**If your dog is struggling to breathe, is weak and having difficulty standing, or if his tongue is blue or gray, please seek emergency veterinary care IMMEDIATELY as this may be a life-threatening emergency!**
One of the most common concerns of pet parents is related to their dog’s breathing. At AskVet, we frequently encounter questions such as, “why is my dog breathing heavy?”, “why is my dog panting so much?”, and even “my dog is making funny noises while he’s breathing!”.
We’ll discuss some of the most common causes of changes in your dog’s breathing below. First, we’ll teach you how to count your dog’s respiratory rate per minute. This is important information to have if there are any concerns about your dog’s breathing.
What is Your Dog’s Respiratory Rate?
When you take your pup in for a vet visit, you probably notice that the vet tech or doctor takes your dog’s vital signs. One of these vital signs is your dog’s respiratory rate, or breaths per minute. This is an essential step in a dog physical exam checklist.
The most accurate way to assess a dog’s respiratory rate is actually while they are sleeping! (This is impossible at the veterinary clinic for obvious reasons!) This way, any variation in breathing due to activity, level of alertness/excitement, or anxiety is eliminated and you obtain a true evaluation of whether your dog is breathing more quickly than normal.
To take your dog’s respiratory rate, wait until they are sleeping (or very relaxed). Look at your dog’s ribcage rise and fall. Each rise and fall is counted as ONE breath. Now, use the stopwatch feature on your phone, or the second hand of a clock, to count how many rise-and-fall cycles are completed in sixty seconds—that is your dog’s respiratory rate! (You can also count for thirty seconds and multiply by two.)
Normal sleeping respiratory rates should be below 30 breaths per minute. If your dog is breathing more quickly than this, take a video of their breathing and chat with AskVet so a veterinarian can assess your dog further. Note: some dogs have normal sleeping respiratory rates as low as ten!
Is your dog making noises like a snorty little piggie when she’s breathing? If your dog has a short face (like most Frenchies, English Bulldogs, Pugs, and Boston Terriers), and has been making noises like this her entire life, then this is likely due to something called “brachycephalic airway syndrome.” These pups are SO CUTE, but as a trade-off to that level of adorableness, we can see significant breathing problems!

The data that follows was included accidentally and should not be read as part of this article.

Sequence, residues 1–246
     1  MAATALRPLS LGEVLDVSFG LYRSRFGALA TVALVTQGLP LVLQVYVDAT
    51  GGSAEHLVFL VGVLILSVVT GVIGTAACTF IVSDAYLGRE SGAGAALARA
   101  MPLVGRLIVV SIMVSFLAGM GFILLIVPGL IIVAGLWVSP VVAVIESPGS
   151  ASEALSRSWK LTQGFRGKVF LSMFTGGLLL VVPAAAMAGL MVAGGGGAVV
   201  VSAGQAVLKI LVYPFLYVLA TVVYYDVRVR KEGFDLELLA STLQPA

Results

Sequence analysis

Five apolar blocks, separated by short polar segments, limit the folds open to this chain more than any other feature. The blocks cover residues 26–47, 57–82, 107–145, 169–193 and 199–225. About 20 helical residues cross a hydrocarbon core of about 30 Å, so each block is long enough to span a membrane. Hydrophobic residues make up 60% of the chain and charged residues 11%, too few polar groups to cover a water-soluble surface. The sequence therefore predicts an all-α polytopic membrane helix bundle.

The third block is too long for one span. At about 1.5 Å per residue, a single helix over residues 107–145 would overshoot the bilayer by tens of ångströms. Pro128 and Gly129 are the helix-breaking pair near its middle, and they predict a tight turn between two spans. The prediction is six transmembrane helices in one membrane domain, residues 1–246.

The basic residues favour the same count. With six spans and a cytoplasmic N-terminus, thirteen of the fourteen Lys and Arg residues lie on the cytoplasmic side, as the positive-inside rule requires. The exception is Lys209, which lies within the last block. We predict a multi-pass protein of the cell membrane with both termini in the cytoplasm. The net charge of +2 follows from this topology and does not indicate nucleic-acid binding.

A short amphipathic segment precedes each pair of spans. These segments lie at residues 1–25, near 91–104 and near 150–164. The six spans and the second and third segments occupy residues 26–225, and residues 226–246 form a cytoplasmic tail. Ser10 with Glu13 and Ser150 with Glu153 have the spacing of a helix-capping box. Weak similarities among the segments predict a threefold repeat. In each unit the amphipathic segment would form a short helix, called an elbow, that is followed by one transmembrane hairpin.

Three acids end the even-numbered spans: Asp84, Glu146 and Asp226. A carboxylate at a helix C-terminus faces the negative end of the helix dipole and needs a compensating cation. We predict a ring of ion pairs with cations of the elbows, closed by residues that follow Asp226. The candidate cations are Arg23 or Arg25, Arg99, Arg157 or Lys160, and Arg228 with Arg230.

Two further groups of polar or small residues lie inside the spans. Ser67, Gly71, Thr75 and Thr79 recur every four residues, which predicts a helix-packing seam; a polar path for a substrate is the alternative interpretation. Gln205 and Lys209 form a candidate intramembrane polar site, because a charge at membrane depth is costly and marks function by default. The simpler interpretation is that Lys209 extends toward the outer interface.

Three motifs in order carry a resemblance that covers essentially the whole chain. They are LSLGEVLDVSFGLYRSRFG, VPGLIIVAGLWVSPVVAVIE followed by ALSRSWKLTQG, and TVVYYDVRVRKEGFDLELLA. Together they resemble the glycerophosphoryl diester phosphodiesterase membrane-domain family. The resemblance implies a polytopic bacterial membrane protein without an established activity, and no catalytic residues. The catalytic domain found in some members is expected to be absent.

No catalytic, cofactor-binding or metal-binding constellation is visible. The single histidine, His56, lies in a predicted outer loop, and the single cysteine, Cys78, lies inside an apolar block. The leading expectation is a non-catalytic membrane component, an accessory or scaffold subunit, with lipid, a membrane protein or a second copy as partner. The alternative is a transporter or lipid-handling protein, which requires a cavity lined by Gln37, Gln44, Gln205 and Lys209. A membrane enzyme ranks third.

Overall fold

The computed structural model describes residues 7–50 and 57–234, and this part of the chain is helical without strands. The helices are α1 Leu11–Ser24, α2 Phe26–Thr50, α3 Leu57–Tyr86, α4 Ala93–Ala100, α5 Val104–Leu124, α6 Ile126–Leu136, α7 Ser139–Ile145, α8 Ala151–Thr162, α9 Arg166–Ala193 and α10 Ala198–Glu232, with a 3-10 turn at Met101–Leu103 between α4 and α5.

Brachycephalic airway syndrome is a very common cause of noisy breathing. So, why does your smushed-face pup snort and snore all of the time? The answer is simple: since all of the same anatomical structures in long-nosed dogs are compressed into a face that is one-third the length, all of that extra skin and soft tissue will create more turbulence of the air moving in and out of your dog’s mouth, nose, and throat. In some cases, surgery can be done to improve their breathing and open up those airways (and improve their quality of life). Your AskVet veterinarians are happy to discuss this syndrome with you and prepare you for a visit with your family veterinarian to discuss these options!
However, if your dog has a long nose, or if your dog was always a quiet breather and now is suddenly making snort-type noises, then this can be a cause for immediate concern. Take a close look at your dog’s face. Is she having any milky white, green, or yellow discharge from her nostrils? If so, this may indicate a sinus infection, or a piece of grass stuck in her nose, or (very rarely, thank goodness) a mass in her sinuses. Sometimes dental problems will also cause noisy breathing and nasal discharge, since the roof of the mouth is also the floor of the nasal cavity. Your veterinarian can do a thorough physical exam and discuss what is likely to be going on with your pup, and if any treatments or further testing are needed.
If your dog is making noise while he breathes and there is NO discharge from his nose, then he could have a mild upper respiratory infection (like kennel cough or allergies). These conditions are usually easily treated, and frequently occur with your dog constantly coughing and noisy breathing.
Another possibility more often seen in larger-breed dogs is laryngeal paralysis. In this condition, small flaps of cartilage that form the voicebox will sometimes become weaker and droop as they age, preventing air from moving in and out like normal.
Since increased airway turbulence and noisy breathing can reduce your pup’s ability to cool off when it’s hot outside or when they are exercising, it’s important to keep him quiet, cool, and calm until he can be evaluated by your veterinarian in person.
Breathing Too Fast
If you have noticed your dog breathing more quickly recently, it could be nothing to worry about! As you probably know, dogs release their body heat through panting and breathing quickly. Since they can’t sweat as efficiently as human beings, we can see our dogs breathing more quickly in warm weather (signs of heat stroke in dogs) and after exercise. If, however, you notice your puppy breathing more rapidly and there has been no recent change in temperature or recent exercise, then this may be the first clue that your dog needs your help.